Maria Pavlovska knew she would be an artist since she was little. From an early age, paper sheets were insufficient for drawing, so she switched to drawing on the walls in her home, and then she went to the Art High School, Faculty of Fine Arts in the class of Professor Simon Semov. She obtained Master’s Degree in Skopje and with her first exhibition in Macedonia she was noted as a painter with authentic expression. She has held solo shows within the the frames of “Skopje Summer Festival”, at the Museum of Contemporary Art, the Museum of the City of Skopje, exhibitions in Vienna, Paris, Sofia, Berlin, and for the past few years she has been living and working in New York.
It is said that the job of the artists is selfish … Would you agree with that?
Pavlovska: Our job is indeed very selfish. It requires complete isolation. I spend most of the time in the studio and that’s where the great productivity comes from.
After exhibitions in Vienna and Paris, you were also invited again to stay and create art in these two cities. The same thing happened in New York, where you have stayed till now…
Pavlovska: My New York exhibition was held in May 2007 and my work was noticed by critics, artists and gallery owners, so I was invited to come back with a project. I was offered to come in October and no one would miss such an offer, and I immediately started to collaborate with the gallery. I’ve come a long way. It was very hard at first, I had no studio, I had to survive the day, new city, not knowing anybody … But when there’s will, everything is possible, so after a while I managed to get a space where I can work and slowly things began to fall into place. So, currently my home is Skopje – New York.
Since 2012 you have a residential stay in New York. What does that mean? How did you get it?
Pavlovska: In 2012 I applied for and got residence to work in one of the most prestigious museums in New York and the surrounding area – the Mana Contemporary museum. There are six floors of gallery space where exhibitions of top authors are displayed, there are also two floors of studios, which are awarded to contemporary artists to work, including myself. I’m the only artist from southeastern Europe, and the youngest of all who managed to get space in this museum.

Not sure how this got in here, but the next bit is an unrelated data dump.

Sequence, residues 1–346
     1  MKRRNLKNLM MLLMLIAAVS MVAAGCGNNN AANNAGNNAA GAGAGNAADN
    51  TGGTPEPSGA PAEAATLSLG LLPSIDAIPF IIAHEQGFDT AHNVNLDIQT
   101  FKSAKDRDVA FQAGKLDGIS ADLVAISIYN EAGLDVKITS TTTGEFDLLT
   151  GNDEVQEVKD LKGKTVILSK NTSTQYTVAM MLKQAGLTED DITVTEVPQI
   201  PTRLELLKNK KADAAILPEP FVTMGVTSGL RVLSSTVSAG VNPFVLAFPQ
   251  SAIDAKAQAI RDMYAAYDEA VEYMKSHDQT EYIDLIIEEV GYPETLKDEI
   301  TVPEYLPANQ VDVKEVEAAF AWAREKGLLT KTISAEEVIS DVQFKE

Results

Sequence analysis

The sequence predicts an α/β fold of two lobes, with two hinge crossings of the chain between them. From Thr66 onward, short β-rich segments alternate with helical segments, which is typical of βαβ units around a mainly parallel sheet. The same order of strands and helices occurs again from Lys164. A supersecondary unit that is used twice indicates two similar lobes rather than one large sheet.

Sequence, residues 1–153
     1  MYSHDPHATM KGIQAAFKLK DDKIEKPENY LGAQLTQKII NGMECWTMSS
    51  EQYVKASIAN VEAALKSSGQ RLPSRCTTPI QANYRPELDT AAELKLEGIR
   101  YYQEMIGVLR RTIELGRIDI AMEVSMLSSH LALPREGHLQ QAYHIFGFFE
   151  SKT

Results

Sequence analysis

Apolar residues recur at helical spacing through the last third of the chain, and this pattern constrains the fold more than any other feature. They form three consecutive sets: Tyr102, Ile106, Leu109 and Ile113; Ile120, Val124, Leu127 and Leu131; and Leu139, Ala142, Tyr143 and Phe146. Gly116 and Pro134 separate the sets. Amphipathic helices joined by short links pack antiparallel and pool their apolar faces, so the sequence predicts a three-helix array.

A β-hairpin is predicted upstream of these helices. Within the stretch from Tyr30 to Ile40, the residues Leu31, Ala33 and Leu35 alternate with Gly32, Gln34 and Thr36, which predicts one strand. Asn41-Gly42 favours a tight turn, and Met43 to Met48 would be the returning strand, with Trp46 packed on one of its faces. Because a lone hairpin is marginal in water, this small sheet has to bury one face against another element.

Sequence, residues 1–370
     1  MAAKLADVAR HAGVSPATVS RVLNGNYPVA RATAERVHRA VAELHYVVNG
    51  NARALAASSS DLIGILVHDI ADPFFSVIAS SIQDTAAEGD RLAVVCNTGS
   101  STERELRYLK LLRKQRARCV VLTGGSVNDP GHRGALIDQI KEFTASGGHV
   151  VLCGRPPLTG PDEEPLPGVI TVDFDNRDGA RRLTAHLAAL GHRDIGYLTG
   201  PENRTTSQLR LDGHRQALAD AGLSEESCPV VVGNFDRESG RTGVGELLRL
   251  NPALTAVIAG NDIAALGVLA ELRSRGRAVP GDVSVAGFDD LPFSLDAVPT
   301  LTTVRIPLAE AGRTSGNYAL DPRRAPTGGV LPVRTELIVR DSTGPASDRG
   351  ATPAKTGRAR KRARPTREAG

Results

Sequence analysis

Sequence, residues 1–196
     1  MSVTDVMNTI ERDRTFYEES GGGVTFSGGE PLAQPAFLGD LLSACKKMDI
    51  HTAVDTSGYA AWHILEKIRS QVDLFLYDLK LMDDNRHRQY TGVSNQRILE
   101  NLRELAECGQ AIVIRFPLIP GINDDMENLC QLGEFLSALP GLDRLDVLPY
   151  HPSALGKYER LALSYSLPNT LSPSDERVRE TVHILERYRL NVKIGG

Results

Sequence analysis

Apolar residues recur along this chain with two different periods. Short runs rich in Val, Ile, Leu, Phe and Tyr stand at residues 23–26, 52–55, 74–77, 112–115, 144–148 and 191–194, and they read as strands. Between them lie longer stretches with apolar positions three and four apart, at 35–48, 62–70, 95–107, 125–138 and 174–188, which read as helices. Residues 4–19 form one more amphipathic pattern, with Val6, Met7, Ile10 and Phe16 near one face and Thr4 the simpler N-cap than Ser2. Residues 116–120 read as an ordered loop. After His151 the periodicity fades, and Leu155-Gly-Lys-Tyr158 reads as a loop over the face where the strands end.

According to Frank Sinatra’s lyrics, New York is “the city that never sleeps and if you can make it in New York then you can make it anywhere” … Do you agree with that?
Pavlovska: Just as you said, New York is an explosion of information daily. Starting from music, theater, Wall Street, the subway … frankly, not everyone can stand it. To live in New York, you have to be part of New York, and to hold out. Look, there are people living in New York who have never been to the Metropolitan, people who do not speak English even after 20 years… In that sense: I live in New York! I go to opening of exhibitions at the Metropolitan museum, I am a member of the Guggenheim museum … in a word, I live like a true New York artist. Life in New York is very expensive, starting from the place to live, getting a gallery to work, memberships … but it was all made to be expensive so that those who shouldn’t be there are not there. And I must say, it is not easy to find your way in such environment. Every day is a new struggle, I have no support there, I do everything alone.
Tell us more about your atelier in Mana Contemporary.
Pavlovska: When you get an atelier there, you also get privacy to work like in your own studio, but you have certain obligations because you are their artist, with their residence. The room is fantastic, with all the necessary conditions: framing of works, transport and packaging for an exhibition, daily lectures by top masters of the craft, curators. The opening of Mana’s exhibitions is attended by the whole world elite in the field of art, so by opening my studio during the exhibition, my works have the opportunity to be seen by the elite, collectors, curators, and then invitations for group or solo exhibitions might follow.
Your specific artistic expression is the mark of your art. What inspires you to tell the stories that surround you through curvy and irregular lines?
Pavlovska: The simplest way to say this is that everyone of us has their own unique handwriting. My handwriting is different from yours, yours is not the same as Dejan’s, Dejan’s handwriting is different from Jana’s … etc. When you preserve it in literature, and art is our handwriting, our authorship, and you nurture that view of yours, then you remain your own person. I urge my colleagues not to succumb under economic pressures, not to leave their own handwriting, their mark. The moment I won’t have to sign a piece, and people will know it’s Marija’s, then I will know that I’ve come to the stage with my authorship.
How do you see, experience art?
Pavlovska: Art is a dangerous profession. Art should be genuine. In art, there should be no lies, the time, the feeling should be told, the time that you live in, the way it is. Of several million artists, history separates what is real in the moment of creation, because that documents a certain time. Because the author is the one who should say the truth: artist, musician, writer … Art is truth and truth is art. The culture of a country is so important because it documents the development of that country.
By: Nevena Popovska